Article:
Monday, February 14, 2011


As our thoughts turn to spring, now is the perfect time to start planning for the cottage garden you may have always dreamed of having.
Cottage gardens are always associated with roses:  shrub roses, climbing roses, and old garden roses with lush foliage.  They may include the Gallica rose, Damask rose, Provence rose, China roses, Bourbon rose and Noisette rose. As well as a multitude of perennials.  They seem to be the mainstay of the cottage garden and frequently have a "wild side" to them.  Vegetables are very much at home in the cottage garden as are herbs.  They can be intermixed with very little effort and blend in nicely.

Cottage gardens simply must have climbers; roses, honeysuckle, clematis, climbing hydranges, wysteria etc...  They add height to the garden and help to create a charming effect..


There are many ways to create a cottage garden in your already existing garden or you can start from scratch.

As you begin to plan your garden, take the time to evaluate how you currently use the garden space and/or how you would ideally like to use it.  Keep in mind access to the garden from your house, driveway, sidewalk etc...   You will want to create pathways that draw people into and through your garden space.  The use of materials that are unstructured, such as flagstone, or gravel are a wonderful way to create meandering pathways through the garden or to a focal point, such as a birdbath or seating area. Cottage gardens typically have picket or simple wood style fences with  possibly the addition of arbors and gates. These allow for the opportunity to have a place for climbers to grow as well as flowers to peek out between the pickets. Gates with arbors around them are a wonderful way to encourage visitors to enter into the garden.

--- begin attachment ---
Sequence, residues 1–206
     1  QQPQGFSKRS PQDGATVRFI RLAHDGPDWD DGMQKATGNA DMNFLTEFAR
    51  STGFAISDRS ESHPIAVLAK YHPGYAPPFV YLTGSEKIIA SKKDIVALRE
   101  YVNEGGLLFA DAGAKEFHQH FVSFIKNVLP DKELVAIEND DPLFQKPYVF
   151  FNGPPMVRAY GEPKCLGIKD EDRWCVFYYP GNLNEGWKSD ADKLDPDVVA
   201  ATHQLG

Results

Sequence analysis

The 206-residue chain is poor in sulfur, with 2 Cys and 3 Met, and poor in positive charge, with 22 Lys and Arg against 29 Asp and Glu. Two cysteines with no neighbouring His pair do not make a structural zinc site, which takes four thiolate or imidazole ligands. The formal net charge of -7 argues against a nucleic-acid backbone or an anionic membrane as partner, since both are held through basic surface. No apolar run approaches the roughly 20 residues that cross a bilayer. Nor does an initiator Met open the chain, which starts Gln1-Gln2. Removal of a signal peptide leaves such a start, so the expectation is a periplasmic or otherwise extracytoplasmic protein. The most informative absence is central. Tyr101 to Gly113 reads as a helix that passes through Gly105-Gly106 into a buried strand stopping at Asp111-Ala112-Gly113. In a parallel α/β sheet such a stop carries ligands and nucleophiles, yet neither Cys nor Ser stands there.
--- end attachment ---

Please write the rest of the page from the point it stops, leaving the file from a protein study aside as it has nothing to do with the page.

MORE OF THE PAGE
You can also consider the use of hedges as fencing and for privacy.  The traditional boxwood makes a nice exterior border, as do many other hedge type bushes.

The addition of birdhouses, birdfeeders, and birdbaths or fountains encourage beautiful birds to visit the garden and enhance the charm of the cottage garden.

As you plan your cottage garden consider creating areas for entertaining amongst the flower beds.  A covered area for dining, or a fireplace or firepit make a nice location in the garden where you and your guests can enjoy the beauty you will have created.


In the cottage garden almost anything goes.  The favorites, hollyhocks, daisies, old garden roses, phlox and many more require full sun.  However, you can create a cottage garden in the shade as well.  Hydrangeas, hostas, astilbe, ferns, bleeding hearts, hellebores,  trillium and other shade loving plants create an enchanting wooded cottage garden effect.  

Personal preference is to your advantage when choosing your cottage gardens flowers.  Shrubs typically don't have a place in the cottage garden but Hydgrangeas, Wigelia, Lilacs etc.. fit in nicely and give it some "bones."   A mix of free flowing flowers with those of the more contained style create a sense of  balance.  I prefer hardy wild looking flowers that have a long blooming season.  Ground covers cannot be understimated in the cottage garden.  Mosses (for shady areas), and sun loving ground covers look spectacular when growing between flagstone walkways, as well as ground covers filling in between perennials and companion plants.  They help tremendously with weed control once they are established, on the down side some ground covers can be very invasive and must be watched after.